"This was not information that was encouraged or coached by the Coxes. It was spontaneous statements," he said. "As they were with the Coxes, they were again able to meet cousins and friends from Utah, people they hadn't seen for awhile. They began to remember things. And they did begin to talk about their mother. And certain things that they remembered."

He said Charlie hasn't been able to pinpoint a date for the car trip--he was only 4 when his mother disappeared. But he said his parents got out of the vehicle. "And she got lost."

In an interview with Seattle's KIRO TV, Charles Cox said there had been "warning signs" about his son-in-law, but the couple was attempting to comply with court orders to allow Powell to visit his sons.

"There were too many warning signs that I feel were known, but due to legal limitations, were unable to be acted upon. So we ended up where we ended up," Cox said.

Just before leaving for Sunday's fatal visit, he said, the boys were playing happily at the Cox home and at first didn't want to go.

"They were having a good time. They didn't want to stop and go see Daddy today. They seemed to be losing interest in going to see him. They liked it here," he said. But his wife, Judith, he said, talked them into it.

It was an act of encouragement she said now she deeply regrets. "Because look what happened."



Powell sons had 'chop injury,' autopsy report says

Josh Powell and his two young sons died of carbon monoxide poisoning, the Pierce County medical examiner's office said Monday night, but the boys apparently were injured before their death.

Powell, a person of interest in his wife Susan's 2009 disappearance from their Utah home, is believed to have set his rented house in Graham, Wash., afire just after his children arrived for what was to have been a supervised visit Sunday afternoon.

He let the boys in but barred the social worker, and as she called authorities to say she'd smelled gas, the home erupted into flames.

But the medical examiner's report seemed to indicate that the children had been subdued before or during the blaze. The younger boy, 5-year-old Braden, had a “chop injury” to his head and neck, and his brother Charles, 7, had a similar injury to the neck, the autopsy report said.

A medical examiner's spokeswoman refused to elaborate on the injuries or what could have caused them.

But Pierce County Sheriff's Det. Ed Troyer said investigators found a hatchet they believe was used on the boys.

"We found a small hatchet in the same room with the bodies," he told the Los Angeles Times.

Susan Powell, then 28 and a stockbroker, vanished in December 2009. Josh Powell said he'd taken the children into the desert for an impromptu camping trip during a snowstorm and, when he returned, Susan was gone.



From Google News



Report of Union County rape brings calls for caution when drivers pull over

MARYSVILLE, Ohio — When a woman saw red and blue flashing lights mounted in the grill of the vehicle driving behind her on Paver Barnes Road in Union County, she pulled to the side of the road.

That's a natural reaction and is what drivers are supposed to do, authorities say.

But the vehicle was a white, extended-cab pickup truck that authorities said in no way resembled a cruiser. The woman told them that one of two men who got out of the truck was wearing a green Carhartt jacket, a checkered shirt, bluejeans and a John Deere baseball cap, so he didn't appear to be a police officer, said Chief Deputy Tom Morgan of the Union County sheriff's office.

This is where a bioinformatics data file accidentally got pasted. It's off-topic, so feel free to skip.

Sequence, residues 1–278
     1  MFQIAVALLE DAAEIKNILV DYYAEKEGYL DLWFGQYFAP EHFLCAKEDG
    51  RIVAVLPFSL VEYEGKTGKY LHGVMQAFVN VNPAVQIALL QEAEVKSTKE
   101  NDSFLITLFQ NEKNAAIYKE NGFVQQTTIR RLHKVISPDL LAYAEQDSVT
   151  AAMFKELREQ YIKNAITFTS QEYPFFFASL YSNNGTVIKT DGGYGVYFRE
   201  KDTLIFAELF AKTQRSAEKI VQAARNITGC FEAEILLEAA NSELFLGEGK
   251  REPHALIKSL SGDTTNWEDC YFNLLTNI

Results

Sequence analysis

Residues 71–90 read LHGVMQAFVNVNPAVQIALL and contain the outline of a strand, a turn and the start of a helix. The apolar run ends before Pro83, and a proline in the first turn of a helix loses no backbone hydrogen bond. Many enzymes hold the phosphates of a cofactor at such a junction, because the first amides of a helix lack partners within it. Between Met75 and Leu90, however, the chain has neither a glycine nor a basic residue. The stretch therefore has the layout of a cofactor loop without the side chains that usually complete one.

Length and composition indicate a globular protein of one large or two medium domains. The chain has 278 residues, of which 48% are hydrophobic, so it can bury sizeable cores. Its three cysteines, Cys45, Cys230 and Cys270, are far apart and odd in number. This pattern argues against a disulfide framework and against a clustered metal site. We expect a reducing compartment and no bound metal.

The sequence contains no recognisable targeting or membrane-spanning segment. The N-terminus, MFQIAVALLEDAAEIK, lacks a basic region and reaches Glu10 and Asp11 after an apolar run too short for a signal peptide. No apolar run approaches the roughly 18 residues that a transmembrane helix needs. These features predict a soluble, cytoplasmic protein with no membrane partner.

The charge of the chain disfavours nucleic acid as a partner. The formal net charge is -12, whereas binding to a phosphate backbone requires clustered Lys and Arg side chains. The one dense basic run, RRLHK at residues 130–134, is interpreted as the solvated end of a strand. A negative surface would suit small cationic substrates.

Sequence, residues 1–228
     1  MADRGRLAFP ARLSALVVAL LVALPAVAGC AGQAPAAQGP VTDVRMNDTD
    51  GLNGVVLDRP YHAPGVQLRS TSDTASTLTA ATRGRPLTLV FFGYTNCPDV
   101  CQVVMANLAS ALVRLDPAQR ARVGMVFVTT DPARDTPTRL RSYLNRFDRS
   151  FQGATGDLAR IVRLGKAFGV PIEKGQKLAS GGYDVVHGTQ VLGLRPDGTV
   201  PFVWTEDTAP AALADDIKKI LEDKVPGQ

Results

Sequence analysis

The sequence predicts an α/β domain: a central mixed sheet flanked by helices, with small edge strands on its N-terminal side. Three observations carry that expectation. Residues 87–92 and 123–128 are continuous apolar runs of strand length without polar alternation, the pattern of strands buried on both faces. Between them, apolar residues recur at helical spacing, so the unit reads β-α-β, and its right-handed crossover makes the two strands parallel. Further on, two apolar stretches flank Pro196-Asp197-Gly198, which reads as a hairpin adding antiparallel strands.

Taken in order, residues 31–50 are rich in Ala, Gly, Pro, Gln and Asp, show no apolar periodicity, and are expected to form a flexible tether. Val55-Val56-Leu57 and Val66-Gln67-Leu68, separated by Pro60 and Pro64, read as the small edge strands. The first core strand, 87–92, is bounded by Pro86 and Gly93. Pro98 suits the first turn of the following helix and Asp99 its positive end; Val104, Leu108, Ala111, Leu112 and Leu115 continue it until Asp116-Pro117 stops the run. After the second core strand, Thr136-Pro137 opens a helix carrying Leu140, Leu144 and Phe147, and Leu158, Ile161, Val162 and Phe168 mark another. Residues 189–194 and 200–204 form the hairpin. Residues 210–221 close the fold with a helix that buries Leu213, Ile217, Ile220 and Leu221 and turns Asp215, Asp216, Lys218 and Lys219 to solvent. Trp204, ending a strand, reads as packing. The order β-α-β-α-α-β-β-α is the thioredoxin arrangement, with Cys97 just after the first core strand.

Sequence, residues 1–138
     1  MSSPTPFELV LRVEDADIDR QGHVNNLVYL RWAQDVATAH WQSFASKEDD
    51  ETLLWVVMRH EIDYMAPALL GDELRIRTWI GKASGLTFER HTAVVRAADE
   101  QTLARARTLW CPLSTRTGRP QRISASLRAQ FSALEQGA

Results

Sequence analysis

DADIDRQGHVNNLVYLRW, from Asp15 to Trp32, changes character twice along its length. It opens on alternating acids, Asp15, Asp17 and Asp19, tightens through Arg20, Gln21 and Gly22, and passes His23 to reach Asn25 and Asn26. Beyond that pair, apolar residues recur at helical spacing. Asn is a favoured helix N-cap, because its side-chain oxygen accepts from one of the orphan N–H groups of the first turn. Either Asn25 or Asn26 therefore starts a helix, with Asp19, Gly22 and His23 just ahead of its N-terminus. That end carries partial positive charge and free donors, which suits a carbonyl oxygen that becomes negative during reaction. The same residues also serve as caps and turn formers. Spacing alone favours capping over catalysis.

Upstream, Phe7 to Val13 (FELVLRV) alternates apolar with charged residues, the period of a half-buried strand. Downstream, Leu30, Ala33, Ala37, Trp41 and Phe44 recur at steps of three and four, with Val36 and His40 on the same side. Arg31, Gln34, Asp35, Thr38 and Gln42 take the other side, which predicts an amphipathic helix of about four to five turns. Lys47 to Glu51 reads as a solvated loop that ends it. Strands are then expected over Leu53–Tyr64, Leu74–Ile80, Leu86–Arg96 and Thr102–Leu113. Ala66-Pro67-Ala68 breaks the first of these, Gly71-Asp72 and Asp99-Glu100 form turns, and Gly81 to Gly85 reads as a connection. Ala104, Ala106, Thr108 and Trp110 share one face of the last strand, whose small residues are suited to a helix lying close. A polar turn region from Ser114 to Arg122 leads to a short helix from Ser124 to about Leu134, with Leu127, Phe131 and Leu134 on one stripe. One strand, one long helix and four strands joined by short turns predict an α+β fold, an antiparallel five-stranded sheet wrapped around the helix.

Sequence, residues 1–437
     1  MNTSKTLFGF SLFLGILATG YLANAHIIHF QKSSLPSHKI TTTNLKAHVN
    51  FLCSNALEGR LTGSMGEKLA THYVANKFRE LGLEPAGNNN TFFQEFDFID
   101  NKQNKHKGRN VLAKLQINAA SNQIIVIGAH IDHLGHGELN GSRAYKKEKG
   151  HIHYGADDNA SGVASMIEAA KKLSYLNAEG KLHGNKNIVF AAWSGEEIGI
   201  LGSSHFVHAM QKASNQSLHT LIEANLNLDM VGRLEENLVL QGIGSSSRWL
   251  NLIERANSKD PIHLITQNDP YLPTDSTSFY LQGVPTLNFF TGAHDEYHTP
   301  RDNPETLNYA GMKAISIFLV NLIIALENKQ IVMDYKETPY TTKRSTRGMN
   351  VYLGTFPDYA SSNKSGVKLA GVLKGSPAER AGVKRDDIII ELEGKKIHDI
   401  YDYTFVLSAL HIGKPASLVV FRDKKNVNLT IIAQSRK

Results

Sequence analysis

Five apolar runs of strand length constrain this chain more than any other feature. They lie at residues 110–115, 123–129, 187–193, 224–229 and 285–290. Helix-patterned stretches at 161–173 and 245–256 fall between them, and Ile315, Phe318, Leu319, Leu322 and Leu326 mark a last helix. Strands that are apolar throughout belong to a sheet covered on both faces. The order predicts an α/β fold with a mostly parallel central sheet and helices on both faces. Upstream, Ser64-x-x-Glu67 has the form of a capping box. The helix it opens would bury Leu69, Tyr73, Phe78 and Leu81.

The woman reported that the two men pulled her from her vehicle about 4:30 p.m. on Friday, drove her to another location and raped her. She eventually broke free and drove herself to a hospital about 12:45 a.m. Saturday.

Tips flowed into the sheriff's office all weekend, and detectives were following up on them yesterday, Morgan said. “We have good descriptions of the suspects and the vehicle, and that will help.”

He said he would not characterize the attack as random, but he wouldn't elaborate. The men didn't pretend to be police, with the exception of the illegal flashing lights, he said.

The woman's story raises the question of what drivers should do to ensure their safety on the road. “Our traffic stops are made by officers in marked cruisers wearing uniforms,” Morgan said. “We don't make a habit of stopping people while we're in plainclothes.”

He said drivers should always be aware of their surroundings, even when stopped by what appears to be an emergency vehicle.

“Keep your door locked and your window rolled up until you see that officer and his badge,” he said. If you feel that your safety is threatened, call 911 and drive away.

In Ohio, it is against the law for any nonemergency vehicle to have any flashing, rotating or oscillating blue lights. Volunteer firefighters or others who routinely respond to emergencies in private vehicles can use red lights but not blue ones, said Lt. Anne Ralston, spokeswoman for the State Highway Patrol.

Troopers made 1,401,840 traffic stops on Ohio roadways last year and almost all of the officers were in uniform and driving marked cruisers, Ralston said. The only exception would be if an out-of-uniform trooper came upon a crash or saw a violation so egregious that others were in danger, she said.

She echoed Morgan's cautions. And she said she has occasionally seen drivers not immediately pull over and later say they were concerned about whether the cruiser was legitimate.

She had advice for that, too: “Signal to the officer that you see them, that you recognize them, that you aren't running from them — maybe turn your hazard lights on — until you can get to what you believe is a safer location . . . like that nearby gas-station parking lot.”




Mayor outlines policing plan

by James Lu

February 7, 2012